Jim Armitage: Questions need to be asked of Witty as China corruption crisis deepens

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The Independent Online

Outlook: Poor Sir Andrew Witty. Here is a man who, by all accounts, has spent much of his five years on the bridge at GlaxoSmithKline doing sterling work cleaning up the scandals left by the regimes of previous captains, rebuilding trust with investors and reviving morale among its embattled staff. Then, out of the blue, a bunch of his managers in China turn out to be alleged crooks, winning sales through bribery and arranging sexual services.

What rotten luck.

In his first public comments on the affair yesterday, he repeatedly made clear that headquarters were unaware of this alleged activity. That this was a small group of senior managers acting outside the company's "systems and controls". That these were isolated incidents involving a few alleged rotten apples. In other words: this was not my fault.

Really, though?

China is well known to have a corruption problem that has grown as rapidly as its economy since Deng Xiaoping's liberalising regime. Its healthcare market is widely seen as one of the most corrupt of all: bribes by medical reps to doctors and officials have been commonplace. Indeed, Chinese bribes – more palatably known as "gifts" – had become a major sales segment for the luxury goods industry.

Figures yesterday showed that Glaxo's revenues in China surged 14 per cent in the past three months to £212m. OK, that's small fry when set against global sales of £6.62bn, but still, it is a significant amount of money, and serious growth when set beside the group's sluggish global revenue rise of just 2 per cent.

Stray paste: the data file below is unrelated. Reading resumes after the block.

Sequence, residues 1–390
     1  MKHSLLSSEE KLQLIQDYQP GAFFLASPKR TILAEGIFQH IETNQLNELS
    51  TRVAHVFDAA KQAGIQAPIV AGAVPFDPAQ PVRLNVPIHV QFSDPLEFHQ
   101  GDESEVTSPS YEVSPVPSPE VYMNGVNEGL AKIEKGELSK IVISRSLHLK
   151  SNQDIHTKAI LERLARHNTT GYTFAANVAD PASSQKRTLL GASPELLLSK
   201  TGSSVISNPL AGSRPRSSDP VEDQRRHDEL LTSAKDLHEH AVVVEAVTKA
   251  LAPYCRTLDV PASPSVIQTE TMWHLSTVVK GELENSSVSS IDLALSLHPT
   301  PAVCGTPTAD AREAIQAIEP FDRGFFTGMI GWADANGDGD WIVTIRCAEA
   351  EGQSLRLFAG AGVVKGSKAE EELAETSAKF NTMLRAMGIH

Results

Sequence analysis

Given the coming together of such rapid sales growth in a country with endemic corruption, serious questions need to be asked of whether Glaxo – for which read Sir Andrew Witty – threw enough money at the issue of compliance or was blinded by the lure of big profits in a fast-growing market.

It's not as if China's new President, Xi Jinping, did not make it abundantly clear last year that a corruption clampdown was going to be one of his key campaigns. Nor as if questions had not already been raised about compliance levels at Glaxo's research operations in China.

In fairness to him, Sir Andrew came across rather well in yesterday's conference call to journalists. He took repeated awkward questions on China with good grace and gravity.

But as a leader, he should have made it clear he would personally take the consequences if his employees are found guilty in the trials likely to go ahead soon.

The clearest way to do that? Promise to forgo some, if not all, of his bonus in the event of guilty verdicts.